Yesterday, I wrote about the political battle that was raging inside my company over the fact that the CEO was stepping down, and what I was thinking as I had been called into his office.
I arrived at the boss's office and the door was open. He was seated behind his desk writing on a notepad in front of him. I knocked and he looked up. He asked me to come in, have a seat, and close the door behind me.
I sat in one of the two chairs in front of his desk and he looked at me and started what was clearly a prepared speech. He told me I wasn't being fired. It was just that I was being asked for my resignation. I heard the phrase, "Your vision does not mesh with our plans." I knew the answer to my questions. I knew who would be the new CEO. And I knew I had to move on.
It was fall outside and next to the CEO's office was a pine tree. Through a picture window behind the CEO's desk I watched a bird land on a bough near the window. It was a bird that migrates south for the winter. I had seen birds like this one flying south in years before. I thought it was pretty late in the season and figured that bird had to get a move on right about then. I heard the CEO going on about whatever he was going on about. It did not matter what he was saying. The issues had been decided.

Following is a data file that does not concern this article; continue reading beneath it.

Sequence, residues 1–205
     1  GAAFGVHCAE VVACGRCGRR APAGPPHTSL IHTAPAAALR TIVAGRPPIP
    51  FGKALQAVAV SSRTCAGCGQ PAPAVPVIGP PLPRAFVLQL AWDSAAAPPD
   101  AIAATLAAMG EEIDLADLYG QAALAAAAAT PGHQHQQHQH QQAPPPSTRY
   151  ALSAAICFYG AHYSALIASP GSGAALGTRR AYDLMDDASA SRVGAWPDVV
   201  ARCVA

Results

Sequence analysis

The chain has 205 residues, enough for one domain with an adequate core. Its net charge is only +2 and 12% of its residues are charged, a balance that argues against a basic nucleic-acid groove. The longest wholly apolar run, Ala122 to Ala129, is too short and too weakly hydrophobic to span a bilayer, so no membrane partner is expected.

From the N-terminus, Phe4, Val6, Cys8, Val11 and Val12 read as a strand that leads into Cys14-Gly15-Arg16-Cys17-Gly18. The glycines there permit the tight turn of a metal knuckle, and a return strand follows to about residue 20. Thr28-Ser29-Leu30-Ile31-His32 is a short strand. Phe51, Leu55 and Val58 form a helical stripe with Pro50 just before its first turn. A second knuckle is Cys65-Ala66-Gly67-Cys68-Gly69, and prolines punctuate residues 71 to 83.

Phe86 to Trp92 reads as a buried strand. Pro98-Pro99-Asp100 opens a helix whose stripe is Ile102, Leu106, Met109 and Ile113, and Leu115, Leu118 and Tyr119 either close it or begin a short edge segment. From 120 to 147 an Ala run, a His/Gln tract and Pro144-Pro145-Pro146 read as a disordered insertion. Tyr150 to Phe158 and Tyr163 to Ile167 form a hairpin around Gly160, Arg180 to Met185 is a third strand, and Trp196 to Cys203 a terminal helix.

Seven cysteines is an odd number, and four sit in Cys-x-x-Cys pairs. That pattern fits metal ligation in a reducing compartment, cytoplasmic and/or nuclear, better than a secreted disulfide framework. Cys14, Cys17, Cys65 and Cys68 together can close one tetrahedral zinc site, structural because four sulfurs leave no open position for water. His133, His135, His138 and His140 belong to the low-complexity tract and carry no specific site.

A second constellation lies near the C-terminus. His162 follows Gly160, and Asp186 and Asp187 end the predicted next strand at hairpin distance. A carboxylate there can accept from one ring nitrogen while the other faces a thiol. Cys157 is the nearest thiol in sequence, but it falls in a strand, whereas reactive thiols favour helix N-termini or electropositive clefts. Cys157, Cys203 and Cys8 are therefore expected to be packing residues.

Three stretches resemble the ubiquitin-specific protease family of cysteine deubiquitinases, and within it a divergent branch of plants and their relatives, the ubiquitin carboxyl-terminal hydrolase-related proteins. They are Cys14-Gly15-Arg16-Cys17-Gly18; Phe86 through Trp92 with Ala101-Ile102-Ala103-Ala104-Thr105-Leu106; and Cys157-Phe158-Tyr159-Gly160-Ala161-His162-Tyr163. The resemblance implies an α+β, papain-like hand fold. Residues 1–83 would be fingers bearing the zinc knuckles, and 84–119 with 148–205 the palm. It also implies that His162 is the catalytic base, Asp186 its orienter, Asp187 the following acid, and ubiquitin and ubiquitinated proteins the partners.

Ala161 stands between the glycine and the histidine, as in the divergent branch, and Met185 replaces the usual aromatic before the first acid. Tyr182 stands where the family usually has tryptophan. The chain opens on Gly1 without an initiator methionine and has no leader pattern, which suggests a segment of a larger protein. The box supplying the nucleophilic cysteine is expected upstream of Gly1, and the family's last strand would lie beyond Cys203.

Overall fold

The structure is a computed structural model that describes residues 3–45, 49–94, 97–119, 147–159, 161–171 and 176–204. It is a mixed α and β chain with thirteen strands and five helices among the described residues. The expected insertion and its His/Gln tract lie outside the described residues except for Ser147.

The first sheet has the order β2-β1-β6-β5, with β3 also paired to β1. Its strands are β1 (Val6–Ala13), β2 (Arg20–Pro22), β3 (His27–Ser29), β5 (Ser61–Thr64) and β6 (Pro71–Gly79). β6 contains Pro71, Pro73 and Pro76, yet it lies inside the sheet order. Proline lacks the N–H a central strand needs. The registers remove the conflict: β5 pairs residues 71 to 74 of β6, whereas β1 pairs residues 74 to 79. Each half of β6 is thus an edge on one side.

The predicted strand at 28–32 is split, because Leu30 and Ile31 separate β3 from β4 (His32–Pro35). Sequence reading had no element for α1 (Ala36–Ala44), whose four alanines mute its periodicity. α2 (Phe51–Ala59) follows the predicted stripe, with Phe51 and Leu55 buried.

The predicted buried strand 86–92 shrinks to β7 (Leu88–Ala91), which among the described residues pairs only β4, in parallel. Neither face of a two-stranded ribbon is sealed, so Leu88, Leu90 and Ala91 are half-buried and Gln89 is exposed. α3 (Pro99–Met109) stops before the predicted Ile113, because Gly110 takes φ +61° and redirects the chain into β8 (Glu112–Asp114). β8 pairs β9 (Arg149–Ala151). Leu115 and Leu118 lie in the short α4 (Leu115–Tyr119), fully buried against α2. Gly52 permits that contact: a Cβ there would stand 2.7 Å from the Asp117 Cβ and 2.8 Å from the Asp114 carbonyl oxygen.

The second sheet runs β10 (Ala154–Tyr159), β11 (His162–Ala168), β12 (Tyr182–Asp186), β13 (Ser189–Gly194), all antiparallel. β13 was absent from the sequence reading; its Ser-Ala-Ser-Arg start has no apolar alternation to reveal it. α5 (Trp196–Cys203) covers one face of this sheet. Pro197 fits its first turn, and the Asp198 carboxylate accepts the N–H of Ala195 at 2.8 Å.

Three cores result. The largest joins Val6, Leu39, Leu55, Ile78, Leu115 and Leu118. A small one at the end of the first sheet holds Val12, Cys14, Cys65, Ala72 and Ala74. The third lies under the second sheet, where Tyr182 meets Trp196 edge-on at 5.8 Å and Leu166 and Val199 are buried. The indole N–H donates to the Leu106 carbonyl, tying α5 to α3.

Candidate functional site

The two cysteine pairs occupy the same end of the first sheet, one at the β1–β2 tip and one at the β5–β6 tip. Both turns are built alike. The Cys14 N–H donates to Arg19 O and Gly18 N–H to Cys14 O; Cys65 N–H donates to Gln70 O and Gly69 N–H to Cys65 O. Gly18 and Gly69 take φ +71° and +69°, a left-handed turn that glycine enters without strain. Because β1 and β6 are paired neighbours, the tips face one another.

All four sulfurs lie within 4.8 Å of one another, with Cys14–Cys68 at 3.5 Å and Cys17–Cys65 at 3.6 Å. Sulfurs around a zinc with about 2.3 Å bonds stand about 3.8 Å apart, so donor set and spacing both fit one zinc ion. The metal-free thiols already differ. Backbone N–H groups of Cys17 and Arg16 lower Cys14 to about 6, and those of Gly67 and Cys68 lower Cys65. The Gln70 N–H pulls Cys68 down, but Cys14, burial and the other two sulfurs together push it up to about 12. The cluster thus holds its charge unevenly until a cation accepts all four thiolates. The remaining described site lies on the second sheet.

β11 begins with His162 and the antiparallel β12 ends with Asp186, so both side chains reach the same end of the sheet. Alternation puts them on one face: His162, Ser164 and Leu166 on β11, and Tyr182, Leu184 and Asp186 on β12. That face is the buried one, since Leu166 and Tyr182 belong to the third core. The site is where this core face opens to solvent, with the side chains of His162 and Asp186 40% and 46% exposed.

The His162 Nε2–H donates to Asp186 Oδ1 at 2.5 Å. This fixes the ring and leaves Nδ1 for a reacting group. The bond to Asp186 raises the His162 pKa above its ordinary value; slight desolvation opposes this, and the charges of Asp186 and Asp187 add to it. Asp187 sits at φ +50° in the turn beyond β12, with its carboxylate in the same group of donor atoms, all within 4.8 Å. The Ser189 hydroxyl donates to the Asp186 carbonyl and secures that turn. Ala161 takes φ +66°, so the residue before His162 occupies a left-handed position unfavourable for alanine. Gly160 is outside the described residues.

It had been a great job in many respects for several years, but it had been getting worse and worse for the last few years. Although the salary was nice, I was running out of any other reasons to stay. And doing things for the money alone has never worked well for me in the long run. It was time to do something new.
Then he stopped and leaned across the desk and asked me if I had any questions. There are no questions in meetings like this. There is noting to say and nobody is going to change their mind about anything anyway.
I said no, I didn't have any questions. I told him, "Thank you for sharing that with me." He pushed a prepared resignation letter across the desk toward me and asked me to sign it. He told me I didn't have to stick around. It was Friday. I could just sign the letter and go home. I could come back later to clean out my office.
Signing things at moments like this is usually a bad idea, so I took the letter and said I'd look it over. I got up and left his office. No senior executive job lasts forever.
A wise person later explained for me the meaning of such events: "You stand there on the dock and know you have to go, but your boat is so small and the sea is so large." Then she paused and smiled and said, "So sometimes you have to be pushed off the dock to get going."